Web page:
Some of the red flags are obvious — for example, while four people did die at EPL throughout 2020, only two of those deaths happened during the summer. More significantly, according to the most recent count, there were 66,436 unhoused individuals living in LA County, and only 22,243 total units in interim shelter and supportive housing. That’s a far cry from “enough places for everyone.”
Shortly after this mysterious pseudo-press conference, the Councilmember’s office sent out a press release, which doubles down on an obvious lie:
“The park was temporarily closed in late March after a three-month long process placing nearly 200 formerly unhoused individuals into transitional housing with clean beds to sleep in and wrap-around services including three nutritious meals a day, medical care, job opportunity placement, case managers, and the ability to keep their animal companions with them at their side… Every single person experiencing homelessness in the park was offered transitional housing and services.”
Over the past two months, O’Farrell’s office has given several different figures for the number of people placed in transitional housing. In a tweet from March 24, it was “more than 120.” At a press conference on March 25, it was 166. In a tweet from March 27, it was 209. Recently, the figure inexplicably shrank back down to “nearly 200.”
However, internal LAHSA emails revealed that their estimate, as of the park’s closure on March 25, was only 152.
As Knock LA and the LA Times have previously reported, multiple residents of Echo Park Lake who were promised a room through Project Roomkey were told that no rooms were available after all. They were redirected to congregate shelters (where, among other concerns, the risk of catching COVID is incredibly high), or else told to tough it out until a room could be found.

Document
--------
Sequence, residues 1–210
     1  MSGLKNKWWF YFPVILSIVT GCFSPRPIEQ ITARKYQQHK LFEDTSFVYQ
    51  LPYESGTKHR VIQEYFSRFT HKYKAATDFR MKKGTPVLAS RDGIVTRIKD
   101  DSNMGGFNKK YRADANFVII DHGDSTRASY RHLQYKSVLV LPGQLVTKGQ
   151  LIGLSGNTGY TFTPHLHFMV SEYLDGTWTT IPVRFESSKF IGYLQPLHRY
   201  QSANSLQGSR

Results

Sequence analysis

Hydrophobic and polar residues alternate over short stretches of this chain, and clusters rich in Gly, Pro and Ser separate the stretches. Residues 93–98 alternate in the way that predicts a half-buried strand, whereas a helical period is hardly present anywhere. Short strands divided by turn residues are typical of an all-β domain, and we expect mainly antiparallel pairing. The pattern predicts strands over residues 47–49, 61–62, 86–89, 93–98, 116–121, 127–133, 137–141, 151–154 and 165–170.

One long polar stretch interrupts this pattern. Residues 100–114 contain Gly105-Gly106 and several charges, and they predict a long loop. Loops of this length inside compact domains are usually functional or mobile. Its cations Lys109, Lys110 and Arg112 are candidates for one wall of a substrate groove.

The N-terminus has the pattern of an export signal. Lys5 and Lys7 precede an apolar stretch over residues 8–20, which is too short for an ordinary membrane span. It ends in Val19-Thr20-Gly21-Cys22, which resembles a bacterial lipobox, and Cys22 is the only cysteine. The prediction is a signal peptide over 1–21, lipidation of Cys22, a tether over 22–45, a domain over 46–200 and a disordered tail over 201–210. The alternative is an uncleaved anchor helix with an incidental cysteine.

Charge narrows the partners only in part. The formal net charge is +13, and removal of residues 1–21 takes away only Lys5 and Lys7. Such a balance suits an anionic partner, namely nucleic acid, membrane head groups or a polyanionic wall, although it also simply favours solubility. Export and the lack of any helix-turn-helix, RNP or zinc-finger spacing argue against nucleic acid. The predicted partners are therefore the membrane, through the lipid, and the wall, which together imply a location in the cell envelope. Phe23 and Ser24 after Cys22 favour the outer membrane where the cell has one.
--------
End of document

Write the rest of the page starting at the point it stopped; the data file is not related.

For those who did manage to secure a room, the conditions were far different from what was promised. Project Roomkey participants have described the program as “prison-like” and “traumatic.” There were also no promises made as to how long the arrangement would last before the hotel reopened and they were forced to leave.
O’Farrell’s statement repeatedly refers to the encampment as “unsafe” and “inhumane.” While the situation at Echo Park Lake was hardly perfect, it remains to be seen whether the City’s violent eviction made things any safer.
Without an adequate supply of permanent social housing, those who made it into temporary shelter are likely to find themselves back on the streets — and without the community support and resources that were available to them at Echo Park Lake.
But fear not: O’Farrell promises that the newly-renovated park will be “safe, clean, accessible, and secure for all who wish to use this shared public space.”
The repairs include upgrades to the park facilities, landscaping, graffiti removal, and — most notably — the installation of security cameras. O’Farrell told LAist that the cameras “will definitely be monitored by Recreation and Parks and a feed will be available to the LAPD.”
Given that the LAPD’s last excursion to the park resulted in 184 arrests and multiple serious injuries, it’s unclear why this would be considered a good move for public safety.